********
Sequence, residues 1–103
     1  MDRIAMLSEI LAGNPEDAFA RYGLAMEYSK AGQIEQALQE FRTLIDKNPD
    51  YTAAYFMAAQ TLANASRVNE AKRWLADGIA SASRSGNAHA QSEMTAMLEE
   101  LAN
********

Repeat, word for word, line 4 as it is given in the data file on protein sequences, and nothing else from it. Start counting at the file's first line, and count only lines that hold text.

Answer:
   101  LAN